Young people who might find it difficult to gain traditional qualifications are achieving awards recognised by colleges, universities and employers. Since it was launched by Arts Council England in 2005 more than 4000 North East children and young people up to the age of 25 have been awarded an Arts Award.
It has five levels (Discover, Explore, Bronze, Silver and Gold) and participants can choose any art form – fashion to film-making, pottery to poetry – to develop their skills in creativity and leadership.
Yesterday (Friday) the Arts Award achievements of the region’s young people were celebrated at a conference at Newcastle’s City Library, addressed by designer and Arts Award ambassador Wayne Hemingway.
(Coverage in The Journal, Chronicle and Chronicle online)
The audience – made up of some of the region’s 1700 artists, designers, teachers, library and museum staff who have qualified as Arts Award advisers – were told the story of pupils at Priory Woods School and Arts College, an all age community special school in Middlesbrough.
Its Creative Arts Director Linda McGrath said: “Arts Award is not like an exam and it’s an integral part of what they’re already doing. It sits nicely with their arts activities in school. “It recognises their work and the hours they’re putting in. Some of our students are maybe not going to get a GCSE or something like that, but they’re getting a recognised accreditation.”
As part of their Arts Award – alongside their training – young people who attend Circus Central in Newcastle researched, created and performed stories inspired by the archive left by Arthur J Fenwick. Born in 1878, a director of his family’s famous department store, he had a fascination for the Big Top and show people and left behind a vast collection of scrapbooks.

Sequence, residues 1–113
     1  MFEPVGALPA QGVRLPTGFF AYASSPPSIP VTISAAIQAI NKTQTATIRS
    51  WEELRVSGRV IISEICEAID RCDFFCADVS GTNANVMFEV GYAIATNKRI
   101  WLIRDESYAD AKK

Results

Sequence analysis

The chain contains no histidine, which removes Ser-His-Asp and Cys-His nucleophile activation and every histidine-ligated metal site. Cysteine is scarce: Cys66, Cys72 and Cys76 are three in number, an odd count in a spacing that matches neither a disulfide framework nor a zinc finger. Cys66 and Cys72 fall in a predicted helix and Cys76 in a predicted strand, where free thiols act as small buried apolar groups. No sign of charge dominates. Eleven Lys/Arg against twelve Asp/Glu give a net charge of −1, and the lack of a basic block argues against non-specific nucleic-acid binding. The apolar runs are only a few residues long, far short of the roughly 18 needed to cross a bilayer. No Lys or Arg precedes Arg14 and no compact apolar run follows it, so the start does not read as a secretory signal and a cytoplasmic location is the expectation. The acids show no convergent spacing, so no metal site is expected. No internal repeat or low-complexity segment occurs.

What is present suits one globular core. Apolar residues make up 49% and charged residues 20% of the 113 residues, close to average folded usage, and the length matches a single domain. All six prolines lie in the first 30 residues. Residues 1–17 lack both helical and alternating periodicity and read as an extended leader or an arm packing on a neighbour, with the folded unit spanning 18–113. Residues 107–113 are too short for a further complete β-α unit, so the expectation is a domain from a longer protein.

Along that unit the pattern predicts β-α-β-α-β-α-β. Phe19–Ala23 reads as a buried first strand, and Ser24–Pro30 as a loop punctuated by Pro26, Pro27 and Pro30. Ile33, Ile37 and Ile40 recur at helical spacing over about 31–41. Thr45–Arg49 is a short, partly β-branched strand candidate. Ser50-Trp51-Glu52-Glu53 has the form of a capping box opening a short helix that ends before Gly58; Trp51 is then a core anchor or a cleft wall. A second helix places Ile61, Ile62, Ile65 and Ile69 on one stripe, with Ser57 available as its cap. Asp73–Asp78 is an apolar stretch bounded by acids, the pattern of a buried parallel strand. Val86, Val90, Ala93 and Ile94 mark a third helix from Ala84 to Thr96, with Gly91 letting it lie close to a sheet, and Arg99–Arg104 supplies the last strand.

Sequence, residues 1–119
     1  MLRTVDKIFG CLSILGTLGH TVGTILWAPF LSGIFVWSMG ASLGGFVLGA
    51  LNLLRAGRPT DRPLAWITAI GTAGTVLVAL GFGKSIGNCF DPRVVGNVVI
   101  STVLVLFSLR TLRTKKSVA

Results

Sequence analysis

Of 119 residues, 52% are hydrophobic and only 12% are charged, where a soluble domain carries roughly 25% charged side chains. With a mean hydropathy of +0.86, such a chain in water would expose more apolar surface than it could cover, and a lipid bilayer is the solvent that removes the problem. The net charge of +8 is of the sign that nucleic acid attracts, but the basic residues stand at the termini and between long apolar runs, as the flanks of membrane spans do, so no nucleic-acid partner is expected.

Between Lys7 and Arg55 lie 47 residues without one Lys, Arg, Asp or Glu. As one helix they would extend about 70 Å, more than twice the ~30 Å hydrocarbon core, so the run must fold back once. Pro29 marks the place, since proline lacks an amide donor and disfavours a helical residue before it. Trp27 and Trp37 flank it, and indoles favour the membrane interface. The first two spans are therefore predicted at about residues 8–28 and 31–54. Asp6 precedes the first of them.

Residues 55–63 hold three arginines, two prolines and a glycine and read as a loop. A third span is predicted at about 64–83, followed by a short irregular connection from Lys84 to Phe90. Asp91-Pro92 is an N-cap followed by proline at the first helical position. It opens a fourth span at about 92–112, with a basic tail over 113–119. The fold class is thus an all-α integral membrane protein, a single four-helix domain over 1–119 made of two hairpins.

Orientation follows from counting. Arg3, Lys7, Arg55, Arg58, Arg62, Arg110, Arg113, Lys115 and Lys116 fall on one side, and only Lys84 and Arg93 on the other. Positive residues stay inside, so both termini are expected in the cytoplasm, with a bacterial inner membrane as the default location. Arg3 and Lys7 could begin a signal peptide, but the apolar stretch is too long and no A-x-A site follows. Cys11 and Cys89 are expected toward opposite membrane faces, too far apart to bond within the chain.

On Teesside arts graduates were given support to bridge the gap between university and career. “The Gold Award is all about developing your talent – whether you’re a painter, dancer or writer. But it’s also about the other things that go with being an artist: setting budgets, knowing where to go to apply to funding, preparing an invoice, even writing a CV,” said Nicola Parkin, Arts Award adviser and director of Navigator North.
Sue Sedgwick, Education Officer at the Dorman Museum in Middlesbrough, said: “Arts is a leveller, whatever your background. Some kids aren’t confident in their literature, some kids aren’t confident with maths but most are confident with art.”
Wayne Hemingway was brought up by his mum and grandmother in a tower block in Blackburn and at an early age had an interest in fashion and music. “But the words art, design, creativity were never used. Creativity – what did that mean?” he said.
Wayne and his wife Gerardine began selling clothes in London markets before establishing their fashion label Red or Dead. They then created Hemingway Design where their team designs everything from sofas to houses.
“One of the many good things about Arts Award is that it is supported by people from different disciplines who share the belief that an engagement with the arts can be hugely beneficial for young people,” he said.
“Arts Award is great because it inspires people to use their creativity, and follow artistic options that they might never have considered. It also increases people’s awareness of their potential and inspires them to enjoy, and engage with, culture and the arts.”
Jeanne Hale, of Bridge North East which organised the conference and supports Arts Award in the region, said: “Wayne and Gerardine’s incredible story shows what can be achieved through creative ability, motivation and hard work. The stories of the young people are also inspiring and demonstrate the value of the Arts Award as a framework to help them enjoy, learn and achieve.
“Although it is an extremely rewarding role, Arts Award advisers have to work really hard and this was our opportunity to thank them, share best practice and – with the help of Wayne – inspire them to continue their fantastic job of supporting our young people.”